- Heat the oil in a large saucepan and add the onion and garlic. Cook for 10 minutes, stirring occasionally, until the onion has softened and is starting to brown.
- Add the venison and juniper berries and cook over a high heat for about 5 minutes, stirring and breaking up the meat, until it has browned. Stir in the red wine, potato, celeriac, swede, carrot, stock and seasoning to taste. Bring to the boil, then reduce the heat and cover the pan. Simmer the soup gently for 30 minutes.
- Meanwhile, make the blackcurrant relish. Heat the oil in a small saucepan and add the shallots. Cook, stirring occasionally, for about 5 minutes or until the shallots have softened. Stir in the juniper berries, sugar, vinegar and 4 tbsp water, then boil rapidly for 5–7 minutes or until well reduced. Stir in the blackcurrants and cook for a further 2–4 minutes or until the mixture forms a pulpy relish. Leave to cool.
- Purée the soup in a food processor or blender. Return it to the pan and reheat gently. Ladle the soup into warm bowls and top each portion with a spoonful of blackcurrant relish. Scatter chopped parsley or coriander over the top and serve with oatcakes and the remaining relish.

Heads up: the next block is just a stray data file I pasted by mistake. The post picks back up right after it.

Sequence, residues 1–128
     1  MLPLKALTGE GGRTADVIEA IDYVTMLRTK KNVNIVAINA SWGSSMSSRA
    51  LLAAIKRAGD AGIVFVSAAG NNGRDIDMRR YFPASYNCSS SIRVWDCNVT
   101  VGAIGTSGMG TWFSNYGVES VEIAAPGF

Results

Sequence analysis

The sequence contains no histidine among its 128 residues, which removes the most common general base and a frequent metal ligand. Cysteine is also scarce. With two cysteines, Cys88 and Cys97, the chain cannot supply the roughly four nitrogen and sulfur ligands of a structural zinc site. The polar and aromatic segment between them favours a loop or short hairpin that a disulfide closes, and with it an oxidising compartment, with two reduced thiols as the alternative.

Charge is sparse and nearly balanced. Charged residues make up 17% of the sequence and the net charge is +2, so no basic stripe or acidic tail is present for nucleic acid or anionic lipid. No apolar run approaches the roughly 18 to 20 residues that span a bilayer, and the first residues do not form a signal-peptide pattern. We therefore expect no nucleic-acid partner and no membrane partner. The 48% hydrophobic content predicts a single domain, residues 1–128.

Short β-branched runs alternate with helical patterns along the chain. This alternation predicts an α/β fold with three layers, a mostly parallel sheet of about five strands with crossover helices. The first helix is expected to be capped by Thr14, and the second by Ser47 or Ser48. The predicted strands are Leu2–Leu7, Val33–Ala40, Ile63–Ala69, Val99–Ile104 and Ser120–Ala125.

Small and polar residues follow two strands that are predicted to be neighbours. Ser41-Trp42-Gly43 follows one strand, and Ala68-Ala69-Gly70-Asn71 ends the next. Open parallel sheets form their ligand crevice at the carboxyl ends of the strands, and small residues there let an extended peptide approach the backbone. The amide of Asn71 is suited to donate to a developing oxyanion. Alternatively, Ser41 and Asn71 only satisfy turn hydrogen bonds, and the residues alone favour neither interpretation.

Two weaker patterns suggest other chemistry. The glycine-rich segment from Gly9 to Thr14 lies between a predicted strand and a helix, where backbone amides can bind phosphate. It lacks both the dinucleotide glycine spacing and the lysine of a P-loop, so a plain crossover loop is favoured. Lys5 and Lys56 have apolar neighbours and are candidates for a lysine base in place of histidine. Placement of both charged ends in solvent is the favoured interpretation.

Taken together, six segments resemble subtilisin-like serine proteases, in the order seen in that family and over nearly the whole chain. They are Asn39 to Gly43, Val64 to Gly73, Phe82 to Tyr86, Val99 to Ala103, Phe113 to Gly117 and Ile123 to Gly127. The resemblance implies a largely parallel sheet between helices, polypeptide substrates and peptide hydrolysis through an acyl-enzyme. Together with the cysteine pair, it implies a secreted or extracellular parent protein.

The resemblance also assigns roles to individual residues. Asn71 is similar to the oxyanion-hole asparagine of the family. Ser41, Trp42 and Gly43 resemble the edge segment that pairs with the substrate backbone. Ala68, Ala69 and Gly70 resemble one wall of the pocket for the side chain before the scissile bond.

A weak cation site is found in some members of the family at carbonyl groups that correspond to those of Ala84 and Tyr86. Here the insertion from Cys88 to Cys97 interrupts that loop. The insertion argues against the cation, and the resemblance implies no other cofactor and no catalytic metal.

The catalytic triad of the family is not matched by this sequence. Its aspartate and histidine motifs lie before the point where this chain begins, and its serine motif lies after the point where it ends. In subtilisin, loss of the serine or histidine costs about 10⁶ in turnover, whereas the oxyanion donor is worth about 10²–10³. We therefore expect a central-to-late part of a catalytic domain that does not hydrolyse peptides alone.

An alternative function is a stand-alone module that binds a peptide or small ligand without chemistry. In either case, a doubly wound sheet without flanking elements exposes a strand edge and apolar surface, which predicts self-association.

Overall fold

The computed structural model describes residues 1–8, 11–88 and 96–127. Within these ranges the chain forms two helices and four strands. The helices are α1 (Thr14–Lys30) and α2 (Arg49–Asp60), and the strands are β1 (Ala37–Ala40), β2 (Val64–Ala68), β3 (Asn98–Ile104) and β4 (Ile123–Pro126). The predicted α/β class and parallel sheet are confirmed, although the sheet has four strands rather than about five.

Some more ideas
For a pork and cider soup, use lean minced pork instead of venison and medium-dry cider instead of red wine. Omit the juniper berries and add 1 tsp chopped fresh sage. * For a refreshingly tart apple relish, use 150 g (5½ oz) peeled, diced cooking apples instead of blackcurrants and 4 tbsp cider instead of water. Add 1 tsp chopped fresh sage instead of the juniper berries and reduce the quantity of sugar to 2 tbsp.
Venison is exceptionally low in fat compared to other meat – 1.1 g fat per 100 g (3½ oz). The same weight of beef contains 4.6 g fat and chicken 4.3 g fat. * Blackcurrant skins contain anthocyanins, a phytochemical that is anti-inflammatory and inhibits the growth of bacteria such as E. coli in the gut.
Each serving provides
C, potassium * A, B1, B6, copper, iron, zinc * B2, selenium